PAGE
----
Shawn Springs played in just two postseason games in his first eight seasons, so it pained him that his long-ailing groin forced him to sit out Saturday's wild-card victory at Tampa Bay.
Fortunately for Springs, his absence wasn't costly, because the Washington Redskins defeated the Buccaneers 17-10. And fortunately for the Redskins, their No. 1 cornerback is ready to go for Saturday's divisional-round game in Seattle, where he played his first seven seasons.
"I'm just like [the Seahawks]," Springs said. "I'm coming off a bye. I'll be rested, fresh and ready. I'm going to practice tomorrow and get after it.
"We've been a MASH unit over the last three weeks. I was limping in the month of December. We have Carlos [Rogers] back [after missing Weeks 15-17 with an injured biceps]. Now we've got some depth."
With declining veteran Walt Harris and rookie Rogers starting at corner, Washington escaped disaster in Tampa Bay when Bucs receiver Edell Shepherd couldn't hold an apparent late touchdown pass that might have forced overtime. But the Redskins know they need Springs healthy against the NFL's highest-scoring team.
"What you have in Shawn is somebody that's battle-tested," coach Joe Gibbs said. "We think he's one of the best corners out there. He's physical. He has made big plays. Corners know there's no substitute for experience and guys that can handle the tough part of playoffs.
"Most of those corners, they're not going to play corner if they worry about things. They've got a little bit of a gunslinger attitude. Certainly Shawn does. I think it will add a lot having him back."
Safety Ryan Clark joked that Springs "has a burr on because he likes to be the reason we win" and that his teammate wants to play well in Seattle to help ensure his induction into the Seahawks Hall of Fame.
While Springs said this game is a big deal because of its magnitude rather than the opponent or locale, he is excited to return to Seattle, a place where he has many fond memories.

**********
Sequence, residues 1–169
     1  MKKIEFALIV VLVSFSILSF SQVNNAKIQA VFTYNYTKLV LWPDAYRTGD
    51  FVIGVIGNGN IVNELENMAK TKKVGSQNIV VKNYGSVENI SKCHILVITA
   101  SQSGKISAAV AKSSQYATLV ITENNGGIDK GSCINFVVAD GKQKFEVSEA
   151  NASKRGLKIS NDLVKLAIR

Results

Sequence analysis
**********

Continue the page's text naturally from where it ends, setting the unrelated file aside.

"I had some good times, some good wins out there," said Springs, who made the Pro Bowl in 1998 and played on playoff teams in 1999 and 2003. "We played San Diego when they had Ryan Leaf [in 1998]. We had seven picks that day. I had two."
Having already faced his ex-teammates in a 20-17 victory Oct. 2 at FedEx Field, Springs is especially looking forward to a reunion with Seattle fans.
"I get to see my boy Lowell, the biggest fan in the world," Springs said. "He's a 400-pound Seahawks fan looking like a human billboard. I'm looking forward to seeing how the crowd will react to my coming back. Like with LaVar [Arrington] here, even when things got tough for me in Seattle, the fans gave me so much love."
Yet Springs doesn't regret leaving for a six-year, $31.3 million contract with the Redskins before last season.
"I'm glad the first time I played Seattle was a regular-season game here instead of being out there in the playoffs, but once I get between the lines, it'll be like any other game," Springs said. "I didn't leave Seattle because I was unhappy. It was strictly business. And it's not like the move here didn't work out for me. I've been on the top of my game the last two years."
Springs made a huge impact in his Washington debut in 2004, becoming the first NFL defensive back to lead a team in interceptions and sacks. But this year, with Fred Smoot gone and no proven commodity on the opposite corner, Springs has just one interception. He also doesn't have a sack because he has been asked to blitz sparingly by assistant head coach Gregg Williams.
"But I've been getting more action lately," Springs said. "Hopefully, some of those balls I couldn't get to when my groin was hurting, I'll get my hands on now. [The Seahawks] threw to my side the first game a couple of times. I hope they do again. Coach [Mike] Holmgren is big on matchups. If he thinks he can get something on me, then he'll throw at me. Either way, it's going to be a fun game."
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